A tracheostomy button, also known as a trach button, is a type of artificial airway. It is often the last step in your airway weaning program. It is placed in the opening of the throat where your trach tube used to be. It will help keep your airway open in the event that you need help with mucous or have other breathing problems.
The trach button is made of plastic. It is short, just long enough to cover the distance from the skin to the inside of the tracheal wall.
It has an outer plug that can completely close off the "button" airway and allow you to breathe, talk and cough normally on your own.
The goal is to keep the button plugged at all times or for as long as possible.
Your doctor will decide how soon it can be removed based on your breathing, how your chest sounds and how many hours a day your plug remains in place.
Caring for the Trach Button
Clean the skin around the button at least once a day. Keep the area clean and dry and always wash your hands before touching the button. Drink lots of fluids to keep mucous thin and call your doctor if you have any questions.
Clean the trach button as follows:
- Mix a solution of 1 part normal saline and 1 part hydrogen peroxide in a clean small bowl.
- Wash hands.
- Put on clean gloves.
- Dip cotton tipped applicators (such as Q-tips) in the solution. Using the soaked cotton tipped applicators, clean around the trach button using a sweeping motion in one direction.
- Use one applicator per sweep and then discard.
- Inspect the skin of the entire neck and throat area.
- Look for redness or sores.
- Report skin problems to your doctor right away (during regular office hours).
Suctioning with the Trach Button
If you are not able to clear your airway by coughing, you may suction or use the In-Exsufflator. An adapter will need to be attached to the button so the Ambu Bag or In-Exsufflator can connect securely. (See the Suctioning and/or In-Exsufflator lesson for more information.)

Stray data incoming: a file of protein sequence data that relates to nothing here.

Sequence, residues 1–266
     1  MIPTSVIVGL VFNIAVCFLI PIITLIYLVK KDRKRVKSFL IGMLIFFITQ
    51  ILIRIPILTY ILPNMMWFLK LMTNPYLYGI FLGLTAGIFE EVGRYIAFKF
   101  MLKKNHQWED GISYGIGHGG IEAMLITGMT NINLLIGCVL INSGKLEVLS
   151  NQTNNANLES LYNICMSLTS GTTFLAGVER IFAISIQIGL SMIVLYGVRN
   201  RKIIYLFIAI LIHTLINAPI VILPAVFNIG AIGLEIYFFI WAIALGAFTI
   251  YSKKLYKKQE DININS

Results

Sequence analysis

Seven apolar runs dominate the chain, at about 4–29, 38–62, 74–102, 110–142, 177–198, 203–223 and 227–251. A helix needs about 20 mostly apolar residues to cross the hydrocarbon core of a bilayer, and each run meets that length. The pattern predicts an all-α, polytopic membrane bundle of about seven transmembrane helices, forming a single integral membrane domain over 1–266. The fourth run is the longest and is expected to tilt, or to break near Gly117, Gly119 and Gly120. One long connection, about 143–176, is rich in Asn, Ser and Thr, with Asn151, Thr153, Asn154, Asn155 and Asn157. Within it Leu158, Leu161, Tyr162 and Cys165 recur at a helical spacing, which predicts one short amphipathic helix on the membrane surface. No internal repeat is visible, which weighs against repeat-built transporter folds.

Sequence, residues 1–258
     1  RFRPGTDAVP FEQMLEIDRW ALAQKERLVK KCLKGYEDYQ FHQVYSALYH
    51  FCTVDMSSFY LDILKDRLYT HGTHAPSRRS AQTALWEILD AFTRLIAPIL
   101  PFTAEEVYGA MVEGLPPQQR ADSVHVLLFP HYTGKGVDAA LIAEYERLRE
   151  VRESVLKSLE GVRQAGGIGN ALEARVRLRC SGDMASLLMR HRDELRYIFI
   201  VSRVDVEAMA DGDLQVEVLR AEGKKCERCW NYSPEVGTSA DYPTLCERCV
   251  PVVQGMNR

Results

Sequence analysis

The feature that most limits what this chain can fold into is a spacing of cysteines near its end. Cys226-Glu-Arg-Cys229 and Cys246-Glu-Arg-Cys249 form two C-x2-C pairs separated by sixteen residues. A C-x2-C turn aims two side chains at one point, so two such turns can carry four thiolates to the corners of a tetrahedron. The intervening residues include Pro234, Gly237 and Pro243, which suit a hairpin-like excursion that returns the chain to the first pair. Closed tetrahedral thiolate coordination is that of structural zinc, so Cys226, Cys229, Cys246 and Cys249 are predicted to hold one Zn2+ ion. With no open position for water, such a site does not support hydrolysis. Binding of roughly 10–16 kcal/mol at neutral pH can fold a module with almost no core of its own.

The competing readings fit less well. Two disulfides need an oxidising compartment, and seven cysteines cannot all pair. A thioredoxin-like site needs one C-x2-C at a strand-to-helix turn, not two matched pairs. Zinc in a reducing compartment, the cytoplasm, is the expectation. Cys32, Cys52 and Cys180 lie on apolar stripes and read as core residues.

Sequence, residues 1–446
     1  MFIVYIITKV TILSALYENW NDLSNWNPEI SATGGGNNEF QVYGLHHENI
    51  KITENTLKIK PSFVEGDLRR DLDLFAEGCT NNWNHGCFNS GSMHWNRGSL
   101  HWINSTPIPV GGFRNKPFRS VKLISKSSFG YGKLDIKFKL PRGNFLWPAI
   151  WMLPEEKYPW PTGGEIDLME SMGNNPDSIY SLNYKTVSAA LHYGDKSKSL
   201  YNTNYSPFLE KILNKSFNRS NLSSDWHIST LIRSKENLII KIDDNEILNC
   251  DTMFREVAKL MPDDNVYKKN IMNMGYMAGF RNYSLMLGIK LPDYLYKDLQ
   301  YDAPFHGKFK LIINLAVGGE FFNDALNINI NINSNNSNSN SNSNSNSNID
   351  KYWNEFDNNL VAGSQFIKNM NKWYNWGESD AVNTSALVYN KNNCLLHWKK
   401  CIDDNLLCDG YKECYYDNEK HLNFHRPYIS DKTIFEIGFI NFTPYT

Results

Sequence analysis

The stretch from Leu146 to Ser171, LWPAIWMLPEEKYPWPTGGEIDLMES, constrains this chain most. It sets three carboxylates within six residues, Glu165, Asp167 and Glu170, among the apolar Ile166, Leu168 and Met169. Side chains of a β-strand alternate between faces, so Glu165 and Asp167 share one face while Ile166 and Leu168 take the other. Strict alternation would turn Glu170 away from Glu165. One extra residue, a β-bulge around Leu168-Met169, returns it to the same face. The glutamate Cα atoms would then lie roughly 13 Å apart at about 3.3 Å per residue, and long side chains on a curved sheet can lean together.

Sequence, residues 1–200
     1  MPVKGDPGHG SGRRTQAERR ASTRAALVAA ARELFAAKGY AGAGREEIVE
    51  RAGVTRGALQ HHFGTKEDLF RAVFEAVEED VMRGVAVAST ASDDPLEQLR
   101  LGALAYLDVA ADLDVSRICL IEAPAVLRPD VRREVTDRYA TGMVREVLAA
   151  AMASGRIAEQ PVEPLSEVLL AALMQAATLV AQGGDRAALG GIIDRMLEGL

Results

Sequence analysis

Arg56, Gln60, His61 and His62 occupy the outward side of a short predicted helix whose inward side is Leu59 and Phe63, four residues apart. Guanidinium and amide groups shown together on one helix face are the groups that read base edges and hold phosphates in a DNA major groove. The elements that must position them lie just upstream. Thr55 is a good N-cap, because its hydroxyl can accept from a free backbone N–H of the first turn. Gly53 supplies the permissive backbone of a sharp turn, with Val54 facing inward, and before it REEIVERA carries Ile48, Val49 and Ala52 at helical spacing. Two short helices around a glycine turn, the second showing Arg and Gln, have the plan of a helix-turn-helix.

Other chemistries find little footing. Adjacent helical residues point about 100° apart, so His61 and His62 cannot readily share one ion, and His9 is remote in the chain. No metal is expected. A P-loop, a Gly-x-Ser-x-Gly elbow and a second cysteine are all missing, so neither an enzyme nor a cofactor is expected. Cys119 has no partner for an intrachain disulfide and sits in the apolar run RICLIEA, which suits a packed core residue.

Problems with the Trach Button
What if the button falls out?
If the button falls out, stay calm. Call 911 or your local emergency services.
What if there are problems breathing?
Any of the following can mean that there are problems with breathing:
- Shallow or fast breathing
- Difficulty with speaking
- Crowing noise from the trach button
If breathing problems occur, take the following actions:
Step 1: Unplug the button.
Step 2: Place the palm of your hand over the open button and feel for air. If air is not moving...
Step 3: Look inside the button to see if there is anything blocking the tube.
Step 4: Suction (see Suction section for more information).
Step 5: If this does not help, continue giving extra breaths via the Ambu Bag.
Step 6: Call 911 for help.
Tracheal plugging is ordered by your doctor to help you wean off an artificial airway. Plugging covers the opening of the trach tube in your throat, and allowing you to breathe through your nose mouth. Plugging will also help make the sound of your voice stronger.
If your lungs need to be cleared of secretions while your trach tube is plugged, try to cough up your secretions or have someone help you to cough with the assisted cough technique that works best for you.
If you cannot clear your lungs, then you will have to be suctioned. If your lungs need to be suctioned, remove the trach plug and always reinsert your inner cannula for suctioning. After suctioning, remove the inner cannula and re-plug your trach tube.